Paul has, of course, just named himself as among those who are possessed by the Corinthians. No wonder, then, that he turns immediately in 4:1 to specify his own role within the community: he is a servant of Christ and a steward of the mysteries of God. Paul will, when necessary, name the basis and grounds of his authority within the community. But such an assertion can only be raised in a secondary position. The naming of his authority has a derivative status to his position as a steward and servant. He is one under authority, whose life is ordered to and structured by his faithfulness to what he has received. It is required of such a steward that he might be found faithful (4:2), else they violate the principle and grounds of their existence. 
As a servant of Christ, though, Paul is directly beneath his authority—and is not, in that way, immediately subject to the authority of the community. It is a minor thing, an incidental matter, for him to be judged by them or by a human court. He neither judges himself, nor knows of anything against himself. But his acquittal, his confidence, is derived wholly and exclusively from his willing submission to the judgment of God: “The one who judges me is the Lord.” “Judge not,” Jesus tells us in Matthew—and here, Paul sounds the same theme. Do not “judge before the time,” before the kairos, the day of the Lord’s coming. Only note here that the tacit acknowledgment is that the church will be also judge with the Lord at the right time. For then it shall know all that can and should be judged, as all that is hidden will be revealed and the secrets of the heart laid bare before ourselves and the world. 
Only then will each be commended by God. Note that the judgment on the interior recesses of a man’s soul follows the assessment of his works. “If the work that anyone has built on the foundation survives, he will receive a reward,” Paul told us in above in 3:14. That will happen when the “Day will disclose it.” In both, each is judged just as such. We are not assessed or regarded on the basis of another, but only on our use and stewardship of the offer God has made to us in giving us life. Within the framework of Paul’s thought, the interior, secret deeds within the heart of man are as important as what he does, and are the basis for the praise of God. But this invisible, private life of the individual before God has an external order and aim: it is as a steward and servant of the mysteries of God that Paul is judged. Whether he performs his task, and does so faithfully, includes his inner life—but is not, and could not be, fulfilled only by it.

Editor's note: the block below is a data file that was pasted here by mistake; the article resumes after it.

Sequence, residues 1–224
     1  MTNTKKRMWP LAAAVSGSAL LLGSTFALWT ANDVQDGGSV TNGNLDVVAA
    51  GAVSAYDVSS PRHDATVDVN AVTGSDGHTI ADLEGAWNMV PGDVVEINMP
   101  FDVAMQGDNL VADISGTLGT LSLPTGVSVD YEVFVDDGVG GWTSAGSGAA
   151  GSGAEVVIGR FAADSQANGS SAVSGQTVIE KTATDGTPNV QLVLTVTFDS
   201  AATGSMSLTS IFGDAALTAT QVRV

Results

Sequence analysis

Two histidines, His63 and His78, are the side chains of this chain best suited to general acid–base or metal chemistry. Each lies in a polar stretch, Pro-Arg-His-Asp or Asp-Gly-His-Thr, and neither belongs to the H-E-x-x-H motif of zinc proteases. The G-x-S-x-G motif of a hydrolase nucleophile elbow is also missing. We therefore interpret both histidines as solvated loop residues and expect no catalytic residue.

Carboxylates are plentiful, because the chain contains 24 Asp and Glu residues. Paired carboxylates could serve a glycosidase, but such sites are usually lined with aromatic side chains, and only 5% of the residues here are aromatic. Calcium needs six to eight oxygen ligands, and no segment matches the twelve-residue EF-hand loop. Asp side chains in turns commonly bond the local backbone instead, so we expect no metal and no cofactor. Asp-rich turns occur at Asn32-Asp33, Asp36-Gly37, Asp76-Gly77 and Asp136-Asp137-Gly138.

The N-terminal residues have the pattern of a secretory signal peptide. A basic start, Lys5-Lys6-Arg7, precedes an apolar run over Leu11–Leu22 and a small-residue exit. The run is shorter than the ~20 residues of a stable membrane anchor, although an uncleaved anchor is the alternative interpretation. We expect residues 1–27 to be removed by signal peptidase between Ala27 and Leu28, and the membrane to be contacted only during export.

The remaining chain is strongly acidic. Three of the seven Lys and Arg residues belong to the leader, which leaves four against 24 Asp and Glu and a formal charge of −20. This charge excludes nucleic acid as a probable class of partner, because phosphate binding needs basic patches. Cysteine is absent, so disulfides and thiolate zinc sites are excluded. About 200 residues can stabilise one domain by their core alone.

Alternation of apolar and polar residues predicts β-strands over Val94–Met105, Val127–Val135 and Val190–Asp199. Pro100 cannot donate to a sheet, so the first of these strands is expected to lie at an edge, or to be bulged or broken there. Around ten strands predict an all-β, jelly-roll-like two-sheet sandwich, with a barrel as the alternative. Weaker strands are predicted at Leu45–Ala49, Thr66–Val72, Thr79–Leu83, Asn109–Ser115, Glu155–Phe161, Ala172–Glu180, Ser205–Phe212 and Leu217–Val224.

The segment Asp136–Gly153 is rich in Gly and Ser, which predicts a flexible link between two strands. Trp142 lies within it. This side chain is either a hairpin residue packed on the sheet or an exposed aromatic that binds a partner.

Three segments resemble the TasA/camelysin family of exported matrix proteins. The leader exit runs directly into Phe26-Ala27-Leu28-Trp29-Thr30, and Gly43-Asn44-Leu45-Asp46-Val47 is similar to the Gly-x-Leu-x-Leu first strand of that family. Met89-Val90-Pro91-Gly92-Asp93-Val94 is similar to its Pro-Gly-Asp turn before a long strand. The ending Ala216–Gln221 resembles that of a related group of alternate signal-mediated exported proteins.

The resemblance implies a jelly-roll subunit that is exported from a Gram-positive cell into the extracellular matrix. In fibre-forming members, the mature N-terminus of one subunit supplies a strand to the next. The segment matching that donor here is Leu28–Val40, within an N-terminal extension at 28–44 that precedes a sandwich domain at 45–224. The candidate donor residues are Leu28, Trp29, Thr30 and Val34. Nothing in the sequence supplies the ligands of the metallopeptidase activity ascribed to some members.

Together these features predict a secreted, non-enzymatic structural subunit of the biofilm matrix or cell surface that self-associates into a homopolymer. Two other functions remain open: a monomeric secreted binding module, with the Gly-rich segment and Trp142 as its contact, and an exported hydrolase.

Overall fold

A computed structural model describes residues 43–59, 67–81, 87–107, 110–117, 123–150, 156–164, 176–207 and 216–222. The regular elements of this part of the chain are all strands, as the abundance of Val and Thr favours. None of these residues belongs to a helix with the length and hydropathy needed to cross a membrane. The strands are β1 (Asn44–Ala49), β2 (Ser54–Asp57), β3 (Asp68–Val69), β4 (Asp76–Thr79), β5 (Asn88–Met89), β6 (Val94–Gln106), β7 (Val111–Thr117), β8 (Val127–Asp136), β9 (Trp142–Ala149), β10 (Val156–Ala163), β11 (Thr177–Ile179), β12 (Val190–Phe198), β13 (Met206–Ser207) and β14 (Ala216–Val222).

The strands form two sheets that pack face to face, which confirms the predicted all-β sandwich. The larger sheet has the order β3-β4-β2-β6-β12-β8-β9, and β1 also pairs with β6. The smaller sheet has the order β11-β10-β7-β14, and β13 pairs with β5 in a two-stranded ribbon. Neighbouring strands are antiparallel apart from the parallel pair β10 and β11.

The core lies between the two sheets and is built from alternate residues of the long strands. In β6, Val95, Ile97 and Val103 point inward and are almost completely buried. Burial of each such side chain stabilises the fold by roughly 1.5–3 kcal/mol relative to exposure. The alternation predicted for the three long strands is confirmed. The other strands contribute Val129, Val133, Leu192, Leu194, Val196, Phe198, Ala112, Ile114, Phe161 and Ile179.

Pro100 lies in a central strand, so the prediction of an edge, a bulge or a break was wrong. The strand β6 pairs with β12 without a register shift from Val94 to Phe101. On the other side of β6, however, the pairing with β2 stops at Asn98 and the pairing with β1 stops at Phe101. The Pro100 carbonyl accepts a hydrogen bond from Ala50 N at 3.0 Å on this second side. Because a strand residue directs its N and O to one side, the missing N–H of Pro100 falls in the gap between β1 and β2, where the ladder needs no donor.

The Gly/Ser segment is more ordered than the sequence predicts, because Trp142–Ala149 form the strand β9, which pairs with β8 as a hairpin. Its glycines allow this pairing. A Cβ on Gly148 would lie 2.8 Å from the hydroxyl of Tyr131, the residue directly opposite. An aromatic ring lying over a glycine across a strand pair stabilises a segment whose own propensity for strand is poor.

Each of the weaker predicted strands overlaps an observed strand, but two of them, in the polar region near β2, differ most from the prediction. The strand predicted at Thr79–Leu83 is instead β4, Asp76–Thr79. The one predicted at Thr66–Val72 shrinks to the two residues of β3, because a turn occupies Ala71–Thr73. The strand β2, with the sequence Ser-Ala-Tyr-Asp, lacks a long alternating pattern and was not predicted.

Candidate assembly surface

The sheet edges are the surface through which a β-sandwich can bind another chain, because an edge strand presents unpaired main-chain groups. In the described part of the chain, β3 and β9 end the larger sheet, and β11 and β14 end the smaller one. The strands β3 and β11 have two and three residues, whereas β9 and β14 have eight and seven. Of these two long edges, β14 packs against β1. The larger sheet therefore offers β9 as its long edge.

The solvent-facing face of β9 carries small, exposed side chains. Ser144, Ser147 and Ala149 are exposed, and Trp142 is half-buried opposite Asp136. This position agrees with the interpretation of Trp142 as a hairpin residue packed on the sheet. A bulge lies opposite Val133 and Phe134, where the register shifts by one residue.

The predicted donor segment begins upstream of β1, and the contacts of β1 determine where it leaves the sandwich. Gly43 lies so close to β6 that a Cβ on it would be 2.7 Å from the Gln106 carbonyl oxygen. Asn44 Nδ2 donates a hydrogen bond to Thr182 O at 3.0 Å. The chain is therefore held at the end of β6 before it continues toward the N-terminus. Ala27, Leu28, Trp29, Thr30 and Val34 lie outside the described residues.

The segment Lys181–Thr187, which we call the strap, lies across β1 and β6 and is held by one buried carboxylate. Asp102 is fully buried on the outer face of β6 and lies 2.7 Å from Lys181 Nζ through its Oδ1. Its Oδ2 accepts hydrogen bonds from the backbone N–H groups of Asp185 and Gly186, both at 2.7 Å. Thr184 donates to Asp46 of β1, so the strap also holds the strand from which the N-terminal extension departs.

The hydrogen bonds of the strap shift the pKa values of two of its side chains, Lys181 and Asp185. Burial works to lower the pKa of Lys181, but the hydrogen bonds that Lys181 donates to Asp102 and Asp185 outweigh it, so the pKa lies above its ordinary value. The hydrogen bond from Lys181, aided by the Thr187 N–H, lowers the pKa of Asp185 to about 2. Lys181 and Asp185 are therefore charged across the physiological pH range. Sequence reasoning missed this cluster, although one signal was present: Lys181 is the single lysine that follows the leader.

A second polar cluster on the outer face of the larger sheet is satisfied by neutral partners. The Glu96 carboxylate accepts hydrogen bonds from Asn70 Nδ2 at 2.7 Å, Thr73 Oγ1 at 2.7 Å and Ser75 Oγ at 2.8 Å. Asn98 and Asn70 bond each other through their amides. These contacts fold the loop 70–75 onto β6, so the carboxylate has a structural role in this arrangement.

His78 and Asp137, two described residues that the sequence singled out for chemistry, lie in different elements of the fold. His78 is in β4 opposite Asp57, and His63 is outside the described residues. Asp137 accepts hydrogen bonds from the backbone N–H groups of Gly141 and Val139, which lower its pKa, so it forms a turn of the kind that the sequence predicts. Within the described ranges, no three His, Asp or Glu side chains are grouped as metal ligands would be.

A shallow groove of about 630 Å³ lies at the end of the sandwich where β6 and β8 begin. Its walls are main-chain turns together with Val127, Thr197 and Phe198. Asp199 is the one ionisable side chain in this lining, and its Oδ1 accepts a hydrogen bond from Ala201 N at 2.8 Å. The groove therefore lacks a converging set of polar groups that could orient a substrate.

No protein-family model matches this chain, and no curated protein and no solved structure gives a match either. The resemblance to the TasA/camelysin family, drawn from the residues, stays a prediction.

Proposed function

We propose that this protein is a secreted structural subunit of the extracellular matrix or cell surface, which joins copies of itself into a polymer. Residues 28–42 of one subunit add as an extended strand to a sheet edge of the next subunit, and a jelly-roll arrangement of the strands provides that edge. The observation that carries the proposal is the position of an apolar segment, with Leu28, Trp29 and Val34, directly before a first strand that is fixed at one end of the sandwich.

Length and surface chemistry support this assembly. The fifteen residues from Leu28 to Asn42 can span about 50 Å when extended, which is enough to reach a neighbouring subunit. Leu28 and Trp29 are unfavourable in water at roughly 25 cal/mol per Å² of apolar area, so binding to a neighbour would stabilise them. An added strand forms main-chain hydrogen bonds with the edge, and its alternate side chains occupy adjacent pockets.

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“The resurrection of Christ, upon which Christian ethics is founded, vindicates the created order in [a] double sense: it redeems it and transforms it. For the resurrection appears in the Gospels under a double aspect, as the restoration of Jesus from the dead and as his glorification at God’s right hand. When the resurrection is distinguished from the ascension…, it looks backwards. It is a recovery of the lost: the man Jesus is given back to his circle of friends to gladden their hearts….When, however, the resurrection is presented alone without the ascension…it looks forwards. Already Christ is transformed; the physical has been assumed by the spiritual, the man of dust by the heavenly man…..The vindication of that humanity in Christ’s resurrection includes both its redemption and its transformation.” – Oliver O'Donovan